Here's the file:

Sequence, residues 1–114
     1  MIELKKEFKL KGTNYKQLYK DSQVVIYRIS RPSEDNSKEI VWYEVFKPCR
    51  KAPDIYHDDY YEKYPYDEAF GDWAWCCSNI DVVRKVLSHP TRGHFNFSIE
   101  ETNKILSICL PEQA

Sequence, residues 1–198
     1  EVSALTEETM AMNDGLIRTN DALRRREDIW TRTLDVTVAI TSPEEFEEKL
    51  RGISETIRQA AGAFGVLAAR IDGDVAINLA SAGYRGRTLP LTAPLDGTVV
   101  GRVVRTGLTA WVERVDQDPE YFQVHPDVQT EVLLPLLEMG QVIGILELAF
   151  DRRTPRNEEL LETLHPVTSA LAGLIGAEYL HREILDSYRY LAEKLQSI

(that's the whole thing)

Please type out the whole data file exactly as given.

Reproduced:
Sequence, residues 1–114
     1  MIELKKEFKL KGTNYKQLYK DSQVVIYRIS RPSEDNSKEI VWYEVFKPCR
    51  KAPDIYHDDY YEKYPYDEAF GDWAWCCSNI DVVRKVLSHP TRGHFNFSIE
   101  ETNKILSICL PEQA

Sequence, residues 1–198
     1  EVSALTEETM AMNDGLIRTN DALRRREDIW TRTLDVTVAI TSPEEFEEKL
    51  RGISETIRQA AGAFGVLAAR IDGDVAINLA SAGYRGRTLP LTAPLDGTVV
   101  GRVVRTGLTA WVERVDQDPE YFQVHPDVQT EVLLPLLEMG QVIGILELAF
   151  DRRTPRNEEL LETLHPVTSA LAGLIGAEYL HREILDSYRY LAEKLQSI